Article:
Claimant, an inmate proceeding pro se, filed this claim alleging that medical
personnel at Southport Correctional Facility improperly discontinued his
prescription medication (Robaxin), “causing needless and unnecessary pain
and suffering.” Defendant answered. Claimant now moves for summary
Defendant opposes the motion.
Claimant argues that he suffers from chronic arthritis, psychological torment
and torture, and back problems, all causing him pain. Defendant asserts that
claimant’s motion is procedurally flawed because he has failed to include
a copy of the pleadings with his motion papers. Defendant further contends that
claimant has not met his burden of proof on this motion, due to his submission
of hearsay medical articles and his simultaneous failure to submit an affidavit
from a medical expert.
As defendant correctly notes, claimant has failed to include a copy of the
pleadings which were served in this action. Accordingly, this motion could be
denied solely on that basis (see CPLR 3212 [b]; Greene v Wood, 6
AD3d 976, 977 ). However, copies of the pleadings are on file with the
Clerk of the Court and were additionally attached to defendant’s previous
cross motion for dismissal (see e.g. Stiber v Cotrone, 153 AD2d 1006,
1007 , lv denied 75 NY2d 703 ). Thus, the record is
“sufficiently complete” for the Court to overlook claimant’s
procedural defect and address the merits of the motion (Greene v Wood,
supra; General Motors Acceptance Corp. v Albany Water Bd., 187 AD2d
894, 895 n ).
Claimant’s motion must nonetheless be denied. The proponent of a motion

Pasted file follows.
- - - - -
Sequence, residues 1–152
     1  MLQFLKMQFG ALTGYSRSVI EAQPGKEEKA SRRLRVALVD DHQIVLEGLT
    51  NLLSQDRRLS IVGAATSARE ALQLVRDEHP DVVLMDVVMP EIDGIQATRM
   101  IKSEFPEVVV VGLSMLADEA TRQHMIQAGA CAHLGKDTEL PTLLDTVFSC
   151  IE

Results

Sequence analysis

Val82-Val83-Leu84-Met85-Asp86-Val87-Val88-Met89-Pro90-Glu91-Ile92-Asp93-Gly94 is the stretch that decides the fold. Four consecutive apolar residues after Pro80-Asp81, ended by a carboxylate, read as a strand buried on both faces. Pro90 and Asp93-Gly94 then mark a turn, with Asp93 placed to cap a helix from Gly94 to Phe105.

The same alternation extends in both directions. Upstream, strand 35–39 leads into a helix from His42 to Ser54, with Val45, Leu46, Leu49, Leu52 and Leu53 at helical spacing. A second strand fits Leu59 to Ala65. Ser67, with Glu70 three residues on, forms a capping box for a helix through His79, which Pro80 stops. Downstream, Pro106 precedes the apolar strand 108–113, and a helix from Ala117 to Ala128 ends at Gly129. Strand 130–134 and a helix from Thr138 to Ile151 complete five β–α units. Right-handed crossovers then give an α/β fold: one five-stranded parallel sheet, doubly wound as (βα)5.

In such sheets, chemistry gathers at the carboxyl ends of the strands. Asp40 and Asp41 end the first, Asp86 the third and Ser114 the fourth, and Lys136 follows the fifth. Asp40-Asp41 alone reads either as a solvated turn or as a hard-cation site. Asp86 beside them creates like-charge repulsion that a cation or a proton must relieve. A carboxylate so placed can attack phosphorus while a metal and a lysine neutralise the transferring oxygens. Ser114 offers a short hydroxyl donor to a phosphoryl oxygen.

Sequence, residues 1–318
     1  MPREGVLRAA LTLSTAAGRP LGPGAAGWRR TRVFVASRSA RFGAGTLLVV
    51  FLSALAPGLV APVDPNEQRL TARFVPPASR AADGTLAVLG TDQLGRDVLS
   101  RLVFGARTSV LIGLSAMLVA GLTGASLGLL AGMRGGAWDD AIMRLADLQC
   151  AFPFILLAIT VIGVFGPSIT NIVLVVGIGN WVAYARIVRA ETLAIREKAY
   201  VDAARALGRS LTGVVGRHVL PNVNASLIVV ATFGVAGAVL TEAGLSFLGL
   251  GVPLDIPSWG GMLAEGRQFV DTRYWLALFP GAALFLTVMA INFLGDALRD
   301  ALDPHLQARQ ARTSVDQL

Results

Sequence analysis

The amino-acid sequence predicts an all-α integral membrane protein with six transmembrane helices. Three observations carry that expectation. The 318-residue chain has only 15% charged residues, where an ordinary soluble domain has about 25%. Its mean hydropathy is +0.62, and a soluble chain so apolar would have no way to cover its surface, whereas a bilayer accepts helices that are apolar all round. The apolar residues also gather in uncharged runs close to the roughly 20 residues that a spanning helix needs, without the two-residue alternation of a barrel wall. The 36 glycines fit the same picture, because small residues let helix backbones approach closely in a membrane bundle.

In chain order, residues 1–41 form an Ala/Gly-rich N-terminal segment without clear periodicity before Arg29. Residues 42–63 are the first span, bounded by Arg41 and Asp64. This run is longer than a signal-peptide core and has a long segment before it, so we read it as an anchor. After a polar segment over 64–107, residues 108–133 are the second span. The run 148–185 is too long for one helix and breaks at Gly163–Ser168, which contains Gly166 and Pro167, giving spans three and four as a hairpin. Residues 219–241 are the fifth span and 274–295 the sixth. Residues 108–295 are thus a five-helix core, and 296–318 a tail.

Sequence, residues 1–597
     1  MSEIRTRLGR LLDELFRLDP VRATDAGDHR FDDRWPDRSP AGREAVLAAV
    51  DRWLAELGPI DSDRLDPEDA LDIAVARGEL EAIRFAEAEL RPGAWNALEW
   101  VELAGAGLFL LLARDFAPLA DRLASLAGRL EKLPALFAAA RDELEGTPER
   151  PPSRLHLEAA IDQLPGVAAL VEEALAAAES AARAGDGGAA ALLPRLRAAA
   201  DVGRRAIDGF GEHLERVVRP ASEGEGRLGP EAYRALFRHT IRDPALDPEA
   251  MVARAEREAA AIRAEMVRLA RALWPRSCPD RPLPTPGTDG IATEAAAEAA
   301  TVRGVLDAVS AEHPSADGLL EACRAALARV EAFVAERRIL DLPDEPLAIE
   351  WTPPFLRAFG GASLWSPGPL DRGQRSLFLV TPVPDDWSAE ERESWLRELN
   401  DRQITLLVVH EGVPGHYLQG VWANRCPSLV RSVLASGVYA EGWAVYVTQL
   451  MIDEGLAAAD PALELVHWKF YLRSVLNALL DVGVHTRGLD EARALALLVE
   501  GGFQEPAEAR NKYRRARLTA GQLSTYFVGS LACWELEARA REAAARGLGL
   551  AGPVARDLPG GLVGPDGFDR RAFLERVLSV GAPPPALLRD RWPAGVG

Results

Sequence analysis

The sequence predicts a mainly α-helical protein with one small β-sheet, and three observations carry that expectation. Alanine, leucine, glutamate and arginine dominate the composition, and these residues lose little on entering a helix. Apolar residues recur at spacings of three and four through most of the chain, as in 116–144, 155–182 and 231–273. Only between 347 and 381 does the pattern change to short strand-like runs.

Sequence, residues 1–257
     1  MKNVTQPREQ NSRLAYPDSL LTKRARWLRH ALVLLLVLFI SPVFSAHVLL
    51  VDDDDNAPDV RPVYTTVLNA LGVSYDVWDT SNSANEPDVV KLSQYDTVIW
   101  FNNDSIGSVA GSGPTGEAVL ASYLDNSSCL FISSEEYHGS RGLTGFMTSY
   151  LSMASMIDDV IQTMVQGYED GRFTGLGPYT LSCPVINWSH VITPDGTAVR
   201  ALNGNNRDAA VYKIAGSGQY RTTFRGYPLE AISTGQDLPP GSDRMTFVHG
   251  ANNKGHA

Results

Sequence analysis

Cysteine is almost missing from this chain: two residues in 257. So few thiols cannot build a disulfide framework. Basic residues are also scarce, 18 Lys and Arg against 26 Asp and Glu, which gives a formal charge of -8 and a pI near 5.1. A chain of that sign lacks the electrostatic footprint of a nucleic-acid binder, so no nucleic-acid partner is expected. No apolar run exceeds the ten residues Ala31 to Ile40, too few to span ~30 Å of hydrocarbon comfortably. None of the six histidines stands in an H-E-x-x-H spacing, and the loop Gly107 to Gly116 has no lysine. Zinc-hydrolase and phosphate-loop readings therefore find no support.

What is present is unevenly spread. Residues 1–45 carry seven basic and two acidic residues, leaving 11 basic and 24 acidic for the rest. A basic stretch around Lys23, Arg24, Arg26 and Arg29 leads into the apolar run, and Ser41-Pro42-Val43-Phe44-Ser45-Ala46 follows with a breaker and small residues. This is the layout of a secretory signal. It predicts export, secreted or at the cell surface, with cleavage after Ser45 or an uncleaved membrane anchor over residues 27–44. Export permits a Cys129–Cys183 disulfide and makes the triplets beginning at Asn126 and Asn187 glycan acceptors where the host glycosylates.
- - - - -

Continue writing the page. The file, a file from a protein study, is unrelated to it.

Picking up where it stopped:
for summary judgment must present facts in evidentiary form which are sufficient
to establish that party’s right to judgment as a matter of law (see
generally Alvarez v Prospect Hosp., 68 NY2d 320, 324 ). In a cause of
action for medical malpractice, the claimant, as moving party, must establish
the applicable standard of care to which professionals must adhere in the
relevant community, that the defendant deviated from that standard of care, and
that such deviation caused the claimant’s injury (see Toomey v
Adirondack Surgical Assoc., 280 AD2d 754 ; see generally Hoffman v
Pelletier, 6 AD3d 889 ; Schuller v Martinelli, 304 AD2d 967
, lv denied 100 NY2d 509 ; Giambona v Stein, 265 AD2d
775, 776 ). If the movant fails to meet his or her initial burden,
however, the motion must be denied, regardless of the sufficiency of the
opposing papers (see Alvarez v Prospect Hosp., supra; Ives v Allard
Chiropractic Off., 274 AD2d 910, 911 ).
In support of his motion, claimant has attached several “articles”
taken from various Internet Websites
as a portion of his medical record and copies of several inmate grievance
determinations. The Internet material (which has no foundation or
authentication), and the uncertified and unsworn medical records (which are
hearsay) are clearly inadmissible, and thus not properly considered on this
motion (see Joseph E.G. v East Irondequoit Cent. School Dist.,
835, 836 ; Green v State of New York,
Ct Cl, Sept. 26, 2005,
Lebous, J., Claim No. 109512, Motion No. M-70591 [UID # 2005-019-572]).
Further, claimant has failed to submit expert opinion evidence to establish the
relevant standard of care, defendant’s alleged deviation therefrom, and
that such deviation caused or contributed to his injuries. The lack of expert
evidence in this case is fatal to claimant’s motion (see Hoffman v
Pelletier, supra; Schuller v Martinelli, supra).
Accordingly, claimant’s Motion No. M-74133 for summary judgment is denied
in its entirety.